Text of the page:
Document Type : Original Article
Medical Physics Research Center, Mashhad University of Medical Sciences, Mashhad, Iran
Department of Medical Physics, School of Medicine, Iran University of Medical Sciences, Tehran, Iran
Department of Radiology Technology, School of Paramedical Sciences, Mashhad University of Medical Sciences, Mashhad, Iran
Medical Physics Research Center, Mashhad University of Medical Sciences, Mashhad, Iran.
Objective: Increasing research has been focused on the development of various nanocomplexes as targeted contrast
media in diagnostic modalities, mainly in computed tomography (CT) scan imaging. Herein, we report a new method
that uses Triptorelin [a luteinizing hormone-releasing hormone (LHRH) agonist]-targeted gold nanoparticles (AuNPs)
via alginate for early detection of cancer by molecular CT imaging.
Materials and Methods: In the experimental study, the formed multifunctional AuNPs coated with alginate conjugated
with Triptorelin peptide (Triptorelin-Alginate-AuNPs) were synthesized and characterized via different techniques,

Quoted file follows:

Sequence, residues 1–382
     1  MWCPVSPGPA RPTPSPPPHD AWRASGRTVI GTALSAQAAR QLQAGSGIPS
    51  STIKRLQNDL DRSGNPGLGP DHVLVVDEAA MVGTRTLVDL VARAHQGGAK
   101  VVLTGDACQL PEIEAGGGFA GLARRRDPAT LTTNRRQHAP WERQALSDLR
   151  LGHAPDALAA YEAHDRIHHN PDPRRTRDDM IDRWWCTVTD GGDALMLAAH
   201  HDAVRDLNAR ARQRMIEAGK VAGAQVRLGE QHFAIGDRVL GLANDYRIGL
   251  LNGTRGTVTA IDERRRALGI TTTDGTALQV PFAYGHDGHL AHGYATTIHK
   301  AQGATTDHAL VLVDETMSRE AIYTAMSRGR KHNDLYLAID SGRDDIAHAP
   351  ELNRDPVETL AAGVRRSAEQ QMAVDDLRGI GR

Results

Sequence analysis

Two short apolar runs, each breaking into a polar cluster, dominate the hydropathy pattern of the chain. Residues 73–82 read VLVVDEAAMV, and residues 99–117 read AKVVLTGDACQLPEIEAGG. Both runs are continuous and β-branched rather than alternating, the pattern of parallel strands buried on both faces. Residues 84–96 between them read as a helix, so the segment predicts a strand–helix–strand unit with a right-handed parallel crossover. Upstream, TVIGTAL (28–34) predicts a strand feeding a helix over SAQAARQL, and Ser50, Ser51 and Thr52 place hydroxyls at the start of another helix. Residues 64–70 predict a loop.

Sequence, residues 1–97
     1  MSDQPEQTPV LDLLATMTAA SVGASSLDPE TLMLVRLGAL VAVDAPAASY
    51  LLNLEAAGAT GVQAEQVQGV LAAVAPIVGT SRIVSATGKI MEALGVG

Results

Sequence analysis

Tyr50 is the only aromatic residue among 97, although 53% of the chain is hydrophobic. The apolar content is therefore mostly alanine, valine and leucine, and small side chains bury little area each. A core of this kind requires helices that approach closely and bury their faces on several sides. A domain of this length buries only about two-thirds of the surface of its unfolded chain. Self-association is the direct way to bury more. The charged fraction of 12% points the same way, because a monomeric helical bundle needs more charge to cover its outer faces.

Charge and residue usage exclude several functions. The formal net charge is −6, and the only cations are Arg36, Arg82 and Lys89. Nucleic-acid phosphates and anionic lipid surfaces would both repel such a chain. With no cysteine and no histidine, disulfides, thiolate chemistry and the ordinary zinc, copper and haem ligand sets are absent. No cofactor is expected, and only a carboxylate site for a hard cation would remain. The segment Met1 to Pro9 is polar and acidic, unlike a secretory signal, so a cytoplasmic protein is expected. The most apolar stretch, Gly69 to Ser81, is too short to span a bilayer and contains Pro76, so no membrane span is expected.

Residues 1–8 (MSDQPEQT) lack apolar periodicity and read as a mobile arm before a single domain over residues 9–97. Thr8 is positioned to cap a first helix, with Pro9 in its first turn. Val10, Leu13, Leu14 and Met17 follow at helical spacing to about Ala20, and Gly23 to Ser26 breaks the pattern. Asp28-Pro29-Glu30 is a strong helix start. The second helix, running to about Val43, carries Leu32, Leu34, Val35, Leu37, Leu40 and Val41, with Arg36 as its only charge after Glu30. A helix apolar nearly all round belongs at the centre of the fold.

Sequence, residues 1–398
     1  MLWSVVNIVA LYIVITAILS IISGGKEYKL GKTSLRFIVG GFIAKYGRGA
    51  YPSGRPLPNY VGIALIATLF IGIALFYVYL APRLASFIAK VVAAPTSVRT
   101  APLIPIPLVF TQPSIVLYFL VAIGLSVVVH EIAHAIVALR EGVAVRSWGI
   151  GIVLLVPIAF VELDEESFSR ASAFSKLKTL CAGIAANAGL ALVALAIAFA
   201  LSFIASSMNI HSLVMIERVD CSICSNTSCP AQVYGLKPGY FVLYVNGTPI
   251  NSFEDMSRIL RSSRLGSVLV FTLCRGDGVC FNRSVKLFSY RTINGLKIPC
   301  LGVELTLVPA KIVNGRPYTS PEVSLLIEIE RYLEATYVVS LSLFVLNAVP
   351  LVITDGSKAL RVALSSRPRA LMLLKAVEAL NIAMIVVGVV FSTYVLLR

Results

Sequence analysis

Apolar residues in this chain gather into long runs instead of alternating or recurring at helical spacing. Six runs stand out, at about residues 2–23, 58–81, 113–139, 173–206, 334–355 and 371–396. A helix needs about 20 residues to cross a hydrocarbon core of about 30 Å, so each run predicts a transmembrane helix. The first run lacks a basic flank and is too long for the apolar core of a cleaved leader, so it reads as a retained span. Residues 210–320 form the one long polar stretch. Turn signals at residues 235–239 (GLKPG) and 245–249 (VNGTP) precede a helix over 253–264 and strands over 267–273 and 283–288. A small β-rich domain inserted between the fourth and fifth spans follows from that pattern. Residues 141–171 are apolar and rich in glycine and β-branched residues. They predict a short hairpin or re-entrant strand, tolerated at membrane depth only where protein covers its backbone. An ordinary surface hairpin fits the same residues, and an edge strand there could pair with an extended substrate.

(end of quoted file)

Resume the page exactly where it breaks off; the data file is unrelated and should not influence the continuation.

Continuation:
including transmission electron microscopy (TEM), dynamic light scattering (DLS), and fourier transform infrared (FTIR)
spectroscopy. The MTT assay was applied to calculate the toxicity of the NPs.
Results: The results indicated that the formed Triptorelin-Alginate-AuNPs with an Au core size of ~18 nm are
noncytotoxic at 127-, 254-, 381- and 508-mM concentrations and revealed significant improvement in the attenuation
of X-rays intensity and contrast to noise ratio (CNR), compared with non-targeted cells at the highest energies (90, 120,
140 kVp). At 90 kVp, compared to non-targeted cells, targeted cells (Triptorelin-Alginate-AuNPs) enable 1.58, 1.69, 3.7
and 3.43 times greater contrast at a concentration of 127 mM, 254 mM, 381 mM, and 508 mM, respectively.
Conclusion: These results suggest that the developed Triptorelin-Alginate-AuNPs may be considered an effective
contrast agent for molecular CT imaging of gonadotropin-releasing hormone (GnRH) receptor-expressing cancer cells.